Interview With Susan B. Sidle

From the interview with Susan B. Sidle of Port Townsend, WA conducted by MonaLou Stefflre on May 20, 2003 at the Fort Worden History Center.  Ms. Sidle was one of the founding members of the Friends of Fort Worden, and has been a volunteer in the Park since 1979.  Here she describes the origins of the Guard House Visitor Information Center and Gift Shop:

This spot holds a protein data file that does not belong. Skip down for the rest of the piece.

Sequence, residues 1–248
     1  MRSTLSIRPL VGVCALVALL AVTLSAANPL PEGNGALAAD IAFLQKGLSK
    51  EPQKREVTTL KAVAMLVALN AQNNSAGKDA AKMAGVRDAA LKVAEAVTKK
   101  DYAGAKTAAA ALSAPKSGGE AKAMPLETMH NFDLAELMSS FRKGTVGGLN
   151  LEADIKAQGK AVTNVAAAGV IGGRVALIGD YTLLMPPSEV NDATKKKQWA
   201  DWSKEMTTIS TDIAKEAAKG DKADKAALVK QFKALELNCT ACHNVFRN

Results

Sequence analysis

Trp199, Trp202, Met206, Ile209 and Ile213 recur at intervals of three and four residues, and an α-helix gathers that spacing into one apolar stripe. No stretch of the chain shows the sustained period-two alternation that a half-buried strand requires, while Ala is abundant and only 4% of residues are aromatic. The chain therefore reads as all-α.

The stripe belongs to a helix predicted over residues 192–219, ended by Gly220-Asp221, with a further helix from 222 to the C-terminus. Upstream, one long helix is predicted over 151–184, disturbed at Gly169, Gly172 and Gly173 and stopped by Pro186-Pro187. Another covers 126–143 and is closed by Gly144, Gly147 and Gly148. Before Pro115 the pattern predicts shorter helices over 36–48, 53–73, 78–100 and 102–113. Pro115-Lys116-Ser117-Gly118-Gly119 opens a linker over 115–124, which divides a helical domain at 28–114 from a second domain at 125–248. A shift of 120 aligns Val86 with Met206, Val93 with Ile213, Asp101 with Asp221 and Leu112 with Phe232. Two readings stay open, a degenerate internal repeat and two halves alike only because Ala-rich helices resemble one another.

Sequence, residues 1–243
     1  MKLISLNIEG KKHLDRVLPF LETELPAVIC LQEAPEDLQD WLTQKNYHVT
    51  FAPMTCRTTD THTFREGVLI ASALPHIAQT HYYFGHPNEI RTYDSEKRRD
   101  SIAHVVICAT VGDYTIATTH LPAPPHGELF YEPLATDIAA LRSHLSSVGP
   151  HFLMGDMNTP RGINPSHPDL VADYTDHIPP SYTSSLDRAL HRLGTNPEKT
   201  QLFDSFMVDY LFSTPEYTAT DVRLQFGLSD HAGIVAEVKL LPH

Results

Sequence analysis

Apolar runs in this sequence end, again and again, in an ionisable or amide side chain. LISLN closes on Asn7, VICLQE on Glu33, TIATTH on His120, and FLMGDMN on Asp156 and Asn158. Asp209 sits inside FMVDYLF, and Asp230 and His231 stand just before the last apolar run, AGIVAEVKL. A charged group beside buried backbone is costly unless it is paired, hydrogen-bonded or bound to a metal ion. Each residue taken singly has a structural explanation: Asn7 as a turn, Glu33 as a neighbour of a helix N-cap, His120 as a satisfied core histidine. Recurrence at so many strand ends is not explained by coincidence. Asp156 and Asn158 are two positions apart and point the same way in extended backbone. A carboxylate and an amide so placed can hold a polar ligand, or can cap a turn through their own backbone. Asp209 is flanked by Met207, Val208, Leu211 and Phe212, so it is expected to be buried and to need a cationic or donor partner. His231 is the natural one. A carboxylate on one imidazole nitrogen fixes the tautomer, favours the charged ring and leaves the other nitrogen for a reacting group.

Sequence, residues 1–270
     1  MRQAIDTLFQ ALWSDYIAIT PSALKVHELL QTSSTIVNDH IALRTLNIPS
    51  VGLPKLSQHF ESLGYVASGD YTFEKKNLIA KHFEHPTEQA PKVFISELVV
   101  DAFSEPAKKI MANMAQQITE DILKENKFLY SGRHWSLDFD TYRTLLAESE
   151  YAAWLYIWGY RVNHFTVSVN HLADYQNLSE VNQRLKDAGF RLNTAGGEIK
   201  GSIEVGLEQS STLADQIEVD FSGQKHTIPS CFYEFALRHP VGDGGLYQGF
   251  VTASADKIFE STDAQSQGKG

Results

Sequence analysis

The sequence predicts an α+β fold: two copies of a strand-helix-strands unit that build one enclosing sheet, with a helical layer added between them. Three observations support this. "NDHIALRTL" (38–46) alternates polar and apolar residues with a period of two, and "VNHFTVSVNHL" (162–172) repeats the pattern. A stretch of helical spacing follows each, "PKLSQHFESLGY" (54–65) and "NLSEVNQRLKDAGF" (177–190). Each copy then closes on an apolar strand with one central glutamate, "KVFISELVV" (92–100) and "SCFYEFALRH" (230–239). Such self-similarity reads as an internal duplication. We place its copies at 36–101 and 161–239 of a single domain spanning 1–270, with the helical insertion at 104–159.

“The state was getting more interested in Friends groups at the time ( the early 1990’s) so Gwen and Alan Dunham went to a meeting at one of the state parks near the Columbia River where they had a lighthouse and a gift shop.  They became quite interested in that possibility, thinking it would be a nice thing because we all felt there was a real need for a visitor information center and thought that might be a role that the Friends could fulfill; and a gift shop, if that was possible.  At first, we decided to set up a table in the park office in the summer and people took turns trying to staff it and answer questions.  Jim Farmer (the park manager) felt that might take some of the pressure off the front office where people were always coming to ask questions, although it was needed for registration.  So we saw that as another need that could be filled.  We didn’t raise a lot of money in those years, just whatever people donated .  We put out a newsletter, we had a few hundred dollars.  The park centennial was coming in 2002, and Jim saw that the Friends would have a role in that, because there was a need to have funds for things that were not coming through Olympia.  The Friends agreed to be the official sponsor of the centennial, initially I was co-chair with Joe Wheeler.  Since the Friends were going to handle the money, I stepped down as president and became treasurer of the Friends, which involved being treasurer of the centennial for several years.  Alan Dunham took over as president of the Friends.  At that point we realized that the Guard House  could serve as a possible location for the information center and gift shop that we had envisioned, and saw that as a major centennial project that would have long term benefits for the park.  Jim Farmer was trying to develop ways to get money through the state to bring a lot of the buildings up for the centennial and had had a lot of luck in getting capital appropriations, but the Guard House was not a high priority.                The University of Oregon School of Architecture had a group that specialized in historic preservation that had worked with Oregon State Parks.  They were interested in what was happening here and worked with Washington State Parks, they said they would like to be involved in the restoration of the Guard House.  Jim was able to get enough state funds so they could do that.  In the early 90’s they came up for a year and brought their students and did the complete renovation of the Guard House, which also provided a new restroom and handicapped access, both badly needed in that part of the park.  By ’98 or ’99 we had the possibility of establishing the visitors’ center and gift shop we had envisioned.  Grant and Barbara Davies, who had experience in retail, took on the task of establishing the gift shop and did an incredible job.  By the time the centennial happened, we were well equipped with all kinds of good things that could be sold to raise money for the Friends to do things for the park and at the same time provide information for people to learn what was available in the park and the community; to help with questions about the park rental housing, what was going on, or what to do with their kids or how to hike the trails.  In the past few years the Friends have become a well run and well funded organization that has become a significant part of Fort Worden State Park.”

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